Digital mobility knowledge is critical for ethical hackers. They understand the digital technologies, mobile networks, workflows in these mobile networks, protocols, and device relationships.

Ethical hackers have a broad understanding of the mechanisms and implications of emerging technology stacks such as IoT (Internet of Things), Cognitive Computing, Cloud Computing, Edge and Fog Computing, Artificial Intelligence, and Big Data Analytics.

5. Interpersonal Skills

One of the key distinguishing factors of ethical hackers is caring, trustworthy, and reliable nature.

Contrary to criminal hackers, ethical hackers, have empathy and compassion for users.

Ethical hackers must be non-judgemental and can approach people with corrective actions. They are team players and mentors for other security professionals.

6. Business, Stakeholder, Project, and Organizational Skills

Ethical hackers need to have excellent stakeholder management skills. Some critical capabilities in this area are communicating at all levels and speaking the business language. They can articulate risks, issues and dependencies both to technical and business stakeholders. While they can see the big picture, they are also capable of delving into details.

In large business organizations, ethical hackers closely work with project managers. Therefore, they understand the project methods and tools. They have a particular focus on agile methods as security and cybersecurity issues are usually considered emergency issues requiring expedited delivery with priority number one approach.

Ethical hackers do not spend too long with root cause analysis during critical situations. They have to deal with incident management processes. During the incident management process, they must identify risks, issues, and dependencies very quickly.

They still need to provide input to the problem management team, but it happens after the priority incidents are resolved. Therefore a reasonable knowledge service management framework such as ITIL is desirable for ethical hackers.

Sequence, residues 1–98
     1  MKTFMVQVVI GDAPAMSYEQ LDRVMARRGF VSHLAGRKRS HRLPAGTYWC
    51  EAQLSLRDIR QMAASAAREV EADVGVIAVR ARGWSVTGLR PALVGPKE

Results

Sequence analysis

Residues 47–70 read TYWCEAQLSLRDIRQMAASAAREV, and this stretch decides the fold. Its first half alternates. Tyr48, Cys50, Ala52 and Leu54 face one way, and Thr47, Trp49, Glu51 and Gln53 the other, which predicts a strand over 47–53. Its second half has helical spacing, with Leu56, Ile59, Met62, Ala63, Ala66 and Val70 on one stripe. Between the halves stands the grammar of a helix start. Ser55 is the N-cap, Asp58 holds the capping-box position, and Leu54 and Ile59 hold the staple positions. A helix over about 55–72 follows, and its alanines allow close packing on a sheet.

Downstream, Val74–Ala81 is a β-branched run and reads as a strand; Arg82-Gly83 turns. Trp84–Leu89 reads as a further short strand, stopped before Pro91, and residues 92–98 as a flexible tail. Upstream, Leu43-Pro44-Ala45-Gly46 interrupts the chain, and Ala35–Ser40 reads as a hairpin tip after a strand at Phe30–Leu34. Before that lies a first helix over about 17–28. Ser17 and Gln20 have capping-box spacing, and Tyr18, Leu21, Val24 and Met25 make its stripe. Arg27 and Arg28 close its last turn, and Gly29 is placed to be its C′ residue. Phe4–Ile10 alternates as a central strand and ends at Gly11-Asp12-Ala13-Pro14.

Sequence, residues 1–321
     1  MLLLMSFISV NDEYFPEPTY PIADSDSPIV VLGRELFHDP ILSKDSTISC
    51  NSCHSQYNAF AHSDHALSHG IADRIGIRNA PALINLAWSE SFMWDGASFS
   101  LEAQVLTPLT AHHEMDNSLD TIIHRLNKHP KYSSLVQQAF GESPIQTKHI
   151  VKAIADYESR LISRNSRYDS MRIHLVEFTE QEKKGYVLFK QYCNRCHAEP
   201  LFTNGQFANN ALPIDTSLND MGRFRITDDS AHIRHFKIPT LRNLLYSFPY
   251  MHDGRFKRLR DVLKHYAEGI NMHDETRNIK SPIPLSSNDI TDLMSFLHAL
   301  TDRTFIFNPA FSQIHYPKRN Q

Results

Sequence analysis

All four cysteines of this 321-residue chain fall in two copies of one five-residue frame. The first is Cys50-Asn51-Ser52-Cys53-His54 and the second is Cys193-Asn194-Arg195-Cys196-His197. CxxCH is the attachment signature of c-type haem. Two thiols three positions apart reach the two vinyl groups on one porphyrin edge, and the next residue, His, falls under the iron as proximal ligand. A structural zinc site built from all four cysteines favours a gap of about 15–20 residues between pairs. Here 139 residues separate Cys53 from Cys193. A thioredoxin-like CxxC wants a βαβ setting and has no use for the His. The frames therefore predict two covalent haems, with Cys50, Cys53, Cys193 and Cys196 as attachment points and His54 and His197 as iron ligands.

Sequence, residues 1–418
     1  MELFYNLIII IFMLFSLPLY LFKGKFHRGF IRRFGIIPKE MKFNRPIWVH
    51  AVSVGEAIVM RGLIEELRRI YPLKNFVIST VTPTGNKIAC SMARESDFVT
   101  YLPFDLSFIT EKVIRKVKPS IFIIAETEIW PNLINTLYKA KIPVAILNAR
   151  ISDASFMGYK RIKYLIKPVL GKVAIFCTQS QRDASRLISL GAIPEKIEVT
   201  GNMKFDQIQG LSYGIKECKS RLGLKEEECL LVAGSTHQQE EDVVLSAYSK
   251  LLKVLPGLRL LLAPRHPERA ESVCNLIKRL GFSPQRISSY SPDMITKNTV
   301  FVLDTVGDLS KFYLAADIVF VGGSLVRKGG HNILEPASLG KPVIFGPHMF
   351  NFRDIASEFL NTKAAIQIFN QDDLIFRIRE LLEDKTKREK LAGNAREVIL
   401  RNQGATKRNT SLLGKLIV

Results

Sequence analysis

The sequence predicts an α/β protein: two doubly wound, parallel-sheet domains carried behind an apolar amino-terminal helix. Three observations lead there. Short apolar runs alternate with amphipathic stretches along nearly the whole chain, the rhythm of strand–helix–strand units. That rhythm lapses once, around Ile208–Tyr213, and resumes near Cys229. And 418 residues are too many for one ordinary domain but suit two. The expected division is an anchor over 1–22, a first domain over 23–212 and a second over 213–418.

They don't have to know everything about service management as it is a broad domain. However, ethical hackers need to know how to elicit information and gain tacit knowledge by interacting with architects, specialists, project managers, and power users during the incidents. Event and configuration management are other areas they get involved in the service management domain.

Since the legal departments in digital transformation programs use ethical hackers, they also need to understand the legal issues, hacking implications, and other legal security concerns, and be able to speak effectively with legal professionals.

Sponsoring executives also require their lead ethical hackers to have inventive and innovative mindset to contribute to their innovation agenda in their critical security initiatives such as Cloud security.

Certification Requirements for Ethical Hackers

I witnessed job applicants going for ethical hacking roles without certification. However, nowadays, it is a prerequisite to have recognized certification for ethical hackers. The certification covers knowledge, skills, competencies, and proven experience in the areas mentioned above.

The most popular and globally recognized qualification is provided by The International Council of Electronic Commerce Consultants (EC-Council). EC-Council provides a qualification called CEH (Certified Ethical Hacker). CEH is the most fundamental requirement for the certification of ethical hackers.

Other essential qualifications are Advanced Penetration Tester, Certified Network Defender, and Forensic Investigator provided by EC-Council. There are several other education and certification programs on the market, such as OSCP (Offensive Security Certified Professional), FUH (Foundstone Ultimate Hacking).

There are also many online training programs on ethical hacking technical skills. However, I haven't come across a training program covering all aspects mentioned in the criteria I introduced in this article. The reason is, the role of ethical hacker is not merely knowledge based but experience and expertise based.


Ethical hackers are critical security specialists and subject matter experts in digital transformation programs. They have an important mission in these programs. They possess unique skills, experience, and expertise.

I provided an overview of the knowledge, skills, competencies, and experience requirements of ethical hackers in digital transformation programs. The content in this article can guide security executives and managers to recruit qualified ethical hackers for their business-critical initiatives in their programs.

The aspiring ethical hackers who plan to work in digital transformation programs can create a checklist and plan their path using the criteria.

There is a tremendous demand for ethical hackers. The field is rapidly developing, and there are not adequate number of qualified ethical hackers to meet the current market demands.

Thank you for reading my perspective.

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About the Creator

Dr Mehmet Yildiz

I'm a writer and published author with four decades of content development experience in business, technology, leadership, and health. I work as a postdoctoral researcher and consultant. My background is at https://digitalmehmet.com.